As has been well documented by numerous scholars (Miller and Rose, 2008, Munro and Mouritsen, 1996, Neyland and Woolgar, 2002, Pentland, 2000, Power, 1994, Power, 1996, Power, 1997 and Strathern, 2000), the recent decades have witnessed an explosion in demands for transparency and accountability, and the emergence of what Power (1997) calls the “audit society.” As Willmott (1996, p. 24) notes, “Accountability is endemic to our lives. As human beings, we are continuously engaged in the activity of making sense of the world, including the sense of self in the world, by giving and receiving accounts.” The consequences for organizations of this increased attention on indicators, evaluation, and performance is both considerable and controversial (Espeland & Sauder, 2007). On the one hand, evaluative measures and performance indicators can make organizations more accountable to their constituencies by rendering information about operations available and accessible. On the other hand, they can give rise to negative unintended consequences as scrutiny and surveillance intensifies and organizations become overly focused on metrics rather than on the qualities the metrics are intended to assess. In an era where more and more contexts are rendered “auditable” (Jeacle & Carter, 2009)—a process Pentland (2000) refers to as the “verification of everything”—how these different consequences play out and in what conditions is thus an important empirical question with significant salience for organizational practices. Drawing on the work of Roberts, 1991, Roberts, 2005, Miller, 1996 and Espeland and Sauder, 2007, and Stark (2009a), we take up this question in the context of the travel sector, specifically from the point of view of hotels faced with the recent intensification of interest in online verification mechanisms. The aim of this paper is to understand how accountability is performed online using social media websites. It is widely recognized that the World Wide Web can form a key part of processes that give local phenomena greater scale, scope and reach but this is where many studies end. We need to move beyond the hubris and speculation that surrounded the emergence of the web to examine empirical-founded implications and reconsider the boundaries of the debate. To this end, we move the discussion surrounding its consequences to include the material grounds of performed accountability. The use of online verification mechanisms is a recent development, emerging out of the evolution over the past decade of so-called Web 2.0 technologies1—technologies that facilitate active participation in websites on the part of the users. These web technologies are in specific contrast to the prior Web 1.0 technologies, which facilitated largely one-way information publication and distribution with limited opportunities for user engagement and interaction. Web 2.0 technologies have also come to be known as “social media,” highlighting their central distinguishing feature—the active creation of content by their users or members. A variety of social media websites have emerged and while these categories overlap, they highlight differences in the website’s primary purpose: content development (e.g., websites such as Wikipedia and Digg), networking where members build and maintain relationships with friends or colleagues (e.g., websites such as Facebook and LinkedIn), and common interest where participants with similar interests can share ideas, views, and information (e.g., websites such as Epinions and TripAdvisor). Our focus on this paper is on the third type of social media, the common interest website. A characteristic aspect of common interest social media websites is the active, online sharing of recommendations, reviews, and advice among users that assess and rank the quality of a range of products and services such as books (Amazon), movies (Netflix), home services (AngiesList), healthcare (PatientsLikeMe), teachers (RateMyProfessor), and many more. The novelty of these websites, as Dellarocas (2003, p. 1407) notes, is that they enable individuals to “make their personal thoughts, reactions and opinions easily accessible to the global community.” The convergence of increasing demands for accountability and transparency with the rise of social media and user-generated content creates a powerful combination. While public measures of performance and ranking mechanisms are not new, they become “power-charged”—to use Haraway’s (1988) term—when enacted through Web 2.0 technologies. In this paper, we focus specifically on TripAdvisor2 where members share tips and post reviews of travel destinations, which are then used by the website infrastructure to rank the popularity and quality of services provided by the travel sector. One of TripAdvisor’s defining tag lines is “Get the truth, then go”. We examine the production and entailments of TripAdvisor’s “truth,” and consider how the knowledge produced through the website’s dynamic ranking mechanism performs a substantial redistribution of accountability. We conclude by discussing some of the implications of such a shift in accountability. Before turning to the travel sector and the expanding use of online reviews, we first discuss accountability and why considerations of accountability have taken on such a particular resonance in the contemporary information age.
نتیجه گیری انگلیسی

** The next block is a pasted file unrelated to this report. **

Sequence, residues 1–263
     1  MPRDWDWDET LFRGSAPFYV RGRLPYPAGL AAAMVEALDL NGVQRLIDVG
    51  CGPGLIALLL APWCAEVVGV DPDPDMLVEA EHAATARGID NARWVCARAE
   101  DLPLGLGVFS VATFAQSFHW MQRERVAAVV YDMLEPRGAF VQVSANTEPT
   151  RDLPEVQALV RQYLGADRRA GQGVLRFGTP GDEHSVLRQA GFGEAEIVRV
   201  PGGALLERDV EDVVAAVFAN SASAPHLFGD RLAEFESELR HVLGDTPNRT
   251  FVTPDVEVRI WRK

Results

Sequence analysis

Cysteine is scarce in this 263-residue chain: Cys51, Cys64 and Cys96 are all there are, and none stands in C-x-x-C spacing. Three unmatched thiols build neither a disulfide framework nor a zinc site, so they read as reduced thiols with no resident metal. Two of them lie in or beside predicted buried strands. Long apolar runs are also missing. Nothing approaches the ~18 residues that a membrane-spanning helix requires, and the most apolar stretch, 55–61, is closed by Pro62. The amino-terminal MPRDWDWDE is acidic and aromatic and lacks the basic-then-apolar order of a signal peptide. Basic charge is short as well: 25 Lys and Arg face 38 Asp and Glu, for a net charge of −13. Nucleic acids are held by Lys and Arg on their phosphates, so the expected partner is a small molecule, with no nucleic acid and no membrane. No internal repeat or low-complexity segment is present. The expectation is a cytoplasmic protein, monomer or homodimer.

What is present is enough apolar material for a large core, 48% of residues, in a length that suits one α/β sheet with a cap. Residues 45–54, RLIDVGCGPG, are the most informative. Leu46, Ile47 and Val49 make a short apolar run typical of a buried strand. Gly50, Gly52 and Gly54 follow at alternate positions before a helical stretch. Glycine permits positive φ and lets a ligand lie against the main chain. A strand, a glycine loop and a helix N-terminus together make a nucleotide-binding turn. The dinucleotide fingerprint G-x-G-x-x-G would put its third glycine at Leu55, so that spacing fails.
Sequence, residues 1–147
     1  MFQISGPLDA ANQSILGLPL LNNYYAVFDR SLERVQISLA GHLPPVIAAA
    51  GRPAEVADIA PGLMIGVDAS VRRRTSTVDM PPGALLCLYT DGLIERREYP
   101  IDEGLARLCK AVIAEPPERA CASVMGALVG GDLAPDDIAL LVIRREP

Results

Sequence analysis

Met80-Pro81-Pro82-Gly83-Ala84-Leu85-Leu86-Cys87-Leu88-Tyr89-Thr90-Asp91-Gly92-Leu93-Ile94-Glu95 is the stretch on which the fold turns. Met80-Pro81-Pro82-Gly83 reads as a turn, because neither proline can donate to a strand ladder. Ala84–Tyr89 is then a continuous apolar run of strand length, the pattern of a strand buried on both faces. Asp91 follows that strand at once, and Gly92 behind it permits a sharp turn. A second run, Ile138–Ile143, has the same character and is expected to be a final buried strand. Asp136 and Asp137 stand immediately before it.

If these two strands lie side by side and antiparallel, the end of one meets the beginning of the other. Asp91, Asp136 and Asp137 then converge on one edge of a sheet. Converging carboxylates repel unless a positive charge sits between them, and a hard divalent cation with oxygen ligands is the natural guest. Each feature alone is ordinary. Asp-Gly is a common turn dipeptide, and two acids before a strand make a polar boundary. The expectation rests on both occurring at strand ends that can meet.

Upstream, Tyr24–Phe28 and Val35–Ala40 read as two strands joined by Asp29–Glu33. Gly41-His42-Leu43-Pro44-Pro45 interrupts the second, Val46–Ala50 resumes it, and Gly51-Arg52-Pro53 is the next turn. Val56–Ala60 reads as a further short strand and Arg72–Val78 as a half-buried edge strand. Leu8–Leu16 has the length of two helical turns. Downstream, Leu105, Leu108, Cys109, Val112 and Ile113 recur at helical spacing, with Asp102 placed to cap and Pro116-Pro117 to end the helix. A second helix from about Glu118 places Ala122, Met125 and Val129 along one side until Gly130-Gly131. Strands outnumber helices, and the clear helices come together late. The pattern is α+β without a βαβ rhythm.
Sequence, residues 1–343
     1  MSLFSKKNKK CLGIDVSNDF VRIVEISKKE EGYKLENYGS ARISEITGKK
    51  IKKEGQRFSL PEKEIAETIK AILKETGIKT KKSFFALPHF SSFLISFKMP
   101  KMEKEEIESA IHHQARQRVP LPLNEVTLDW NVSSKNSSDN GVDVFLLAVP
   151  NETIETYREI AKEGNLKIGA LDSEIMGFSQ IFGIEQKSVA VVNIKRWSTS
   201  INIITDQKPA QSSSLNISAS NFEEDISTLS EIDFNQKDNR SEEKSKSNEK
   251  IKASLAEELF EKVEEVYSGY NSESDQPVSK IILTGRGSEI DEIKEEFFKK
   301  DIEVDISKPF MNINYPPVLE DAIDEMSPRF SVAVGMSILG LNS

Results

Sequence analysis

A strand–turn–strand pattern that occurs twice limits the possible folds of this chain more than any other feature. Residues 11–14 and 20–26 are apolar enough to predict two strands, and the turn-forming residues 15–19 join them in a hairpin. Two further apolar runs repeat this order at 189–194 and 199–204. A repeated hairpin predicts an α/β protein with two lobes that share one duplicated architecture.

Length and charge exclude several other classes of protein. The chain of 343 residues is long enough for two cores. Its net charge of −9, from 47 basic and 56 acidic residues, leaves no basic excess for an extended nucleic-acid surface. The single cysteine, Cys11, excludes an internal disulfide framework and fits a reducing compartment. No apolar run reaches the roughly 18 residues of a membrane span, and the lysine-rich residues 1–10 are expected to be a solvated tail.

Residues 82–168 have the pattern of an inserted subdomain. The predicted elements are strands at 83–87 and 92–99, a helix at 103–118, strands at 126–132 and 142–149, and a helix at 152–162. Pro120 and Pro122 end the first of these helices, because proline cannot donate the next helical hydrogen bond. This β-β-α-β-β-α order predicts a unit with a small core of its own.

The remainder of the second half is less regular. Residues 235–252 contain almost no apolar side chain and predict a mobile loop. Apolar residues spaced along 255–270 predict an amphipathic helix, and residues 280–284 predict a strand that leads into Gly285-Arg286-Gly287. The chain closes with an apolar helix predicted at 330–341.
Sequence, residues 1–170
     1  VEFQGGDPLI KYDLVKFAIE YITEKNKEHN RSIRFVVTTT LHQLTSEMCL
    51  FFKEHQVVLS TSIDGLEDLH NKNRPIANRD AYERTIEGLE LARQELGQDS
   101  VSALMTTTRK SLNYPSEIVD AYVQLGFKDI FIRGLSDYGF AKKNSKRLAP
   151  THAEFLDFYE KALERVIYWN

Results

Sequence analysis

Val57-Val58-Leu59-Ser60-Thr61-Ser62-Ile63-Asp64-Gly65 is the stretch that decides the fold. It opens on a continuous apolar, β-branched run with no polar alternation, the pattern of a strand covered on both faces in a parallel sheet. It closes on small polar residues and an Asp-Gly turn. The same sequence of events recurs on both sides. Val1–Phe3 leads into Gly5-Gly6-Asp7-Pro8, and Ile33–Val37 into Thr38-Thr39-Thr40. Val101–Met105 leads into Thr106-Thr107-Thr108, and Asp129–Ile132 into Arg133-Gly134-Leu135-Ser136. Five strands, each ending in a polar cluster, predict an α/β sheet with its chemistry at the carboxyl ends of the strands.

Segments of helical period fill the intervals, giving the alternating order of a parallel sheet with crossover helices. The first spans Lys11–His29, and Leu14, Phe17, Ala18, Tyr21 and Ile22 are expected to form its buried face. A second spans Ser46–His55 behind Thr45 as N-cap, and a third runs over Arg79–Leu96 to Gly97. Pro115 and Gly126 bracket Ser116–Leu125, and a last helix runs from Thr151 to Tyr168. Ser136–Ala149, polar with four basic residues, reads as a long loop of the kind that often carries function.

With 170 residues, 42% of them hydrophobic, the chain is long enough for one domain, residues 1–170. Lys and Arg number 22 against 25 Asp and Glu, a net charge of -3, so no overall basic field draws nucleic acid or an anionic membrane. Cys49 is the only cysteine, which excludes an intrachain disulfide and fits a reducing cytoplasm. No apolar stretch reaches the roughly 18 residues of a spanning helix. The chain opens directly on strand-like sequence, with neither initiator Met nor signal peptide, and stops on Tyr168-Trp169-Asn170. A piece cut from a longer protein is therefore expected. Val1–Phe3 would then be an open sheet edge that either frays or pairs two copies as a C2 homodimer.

In this paper we have explored the notion of accountability and grounded our discussion in data from ongoing research on social media in the travel sector, or so-called “Travel 2.0.” The particular focus has been ratings and rankings associated with user-generated content about privately-owned guest accommodation on TripAdvisor. We have been particularly interested in understanding how accountability is performed online on social media websites. Our findings highlight that online accountability redistributes relations of accountability that overflow static impact factors used by more traditional research to measure the impacts of technological innovations. On a more generative note, we have developed our analysis of social media – specifically the emergence of TripAdvisor in the travel sector – not so much to impose moral order on a situation but to create a “telling moment” (Suchman, 2011) in which we pause to consider the “practical reconciliation” (Roberts, 1991, p. 367) of the moral and strategic cuts that have been produced by online reviewing and ranking. In so doing, we call out sociomaterial entanglements and raise for discussion the intricate boundaries that are made between accounts of travel, forms of accountability, and “response-ability” (Haraway, 2008). Online accountability is based on special claims of the “wisdom of crowds” and “collective intelligence” produced by social media (Benkler, 2006 and Surowiecki, 2004). The very term “social media” seems to soften or hide the fragmented and fragile nature of online rankings, even in the face of emerging debate. TripAdvisor rankings achieve a kind of legitimacy through claims to be organic, fresh, and open. TripAdvisor’s specific material configuration re-draws vertical and lateral accountabilities in a way that produces a form of transparency for reviews while obscuring the crucial ranking mechanism at work. On TripAdvisor the algorithm “is pervasive but its origins and locus ambiguous”, thus illustrating that the power of ranking is its capacity to present itself as objective fact, to reflect the truth, imposing “its way of seeing, without being seen” (Roberts, 1991, p. 359). By refusing to allow insight into the algorithms, TripAdvisor effectively reinstates the patriarchal dependency from which they claim to have rescued the worlds of travel. TripAdvisor is credited with making travel writing accessible to all and breaking through bland, misleading public relations in the tourism and hospitality sector. It is argued to create a sense of shared experiences, but this is not a solely social phenomenon nor is its role in the sector adequately captured by the suggestion that it provides entertainment media for travellers. Each element referred to in the millions of online reviews is in relation to a particular world of grounded consequences beyond it. TripAdvisor has material effects on business and management. Indeed for some tourism and hospitality enterprises, such accountability can mean the difference between profit and loss, surviving a season or deciding to close down. It is thus necessary to take seriously the particular configuration of relational accountability that is performed through TripAdvisor. A further feature characterizing relational accountability is objectification, and the apparently “veridical knowledge” that is achieved in the process (Miller & Rose, 2008, p. 23). Practices of detachment and objectification are an integral part of knowledge production within online review sites such as TripAdvisor. The travel knowledge produced here is held up as technical in nature, unbiased, and constituted by claims to legitimate collective process. The quasi-formalized knowledge that emerges provides a common currency or vocabulary for communicating and regulating choices and actions, such as the risks and rewards of performance assessment. The outcome is a “new species of authority” that is addressed to the practice of living (Miller & Rose, 2008, p. 23). This serves as a stable basis for conduct even though it is thoroughly dependent upon databases and algorithms that are continually updated and management practices in contexts that are highly dynamic. The question is how does this performance of veridical knowledge come to constitute organizational practices (and recursively act upon them)? Much future research is needed here. Particularly valuable would be research that further explores reconfiguring relations of accountability with particular emphasis on the novel online domains that are increasingly saturating practices within contemporary society, and helping to propagate transparency and amplify the logic of auditability. While new and different forms of accountability inspire new ways to conduct practices, these innovations are not without material consequences. We may not be able to control this process, indeed we cannot, but we can think about how to proceed in a responsible way. As Stark (2009a, p. 202) notes, one who is accountable to many in different registers can be one who is accountable to none. How and where accountability is performed online is thus a critical ongoing empirical question. In this paper, we have only laid out possible contours and signposts for approaching such a question by highlight the sociomateriality of accountability and its performative consequences. This is a case of accounting for how matter “matters”—to invoke a recent call by Barad (2003). Such a consideration becomes particularly important when the phenomenon in question permeates contemporary culture in a way that may divert our gaze; it is hard to think about ontological politics when you are having fun!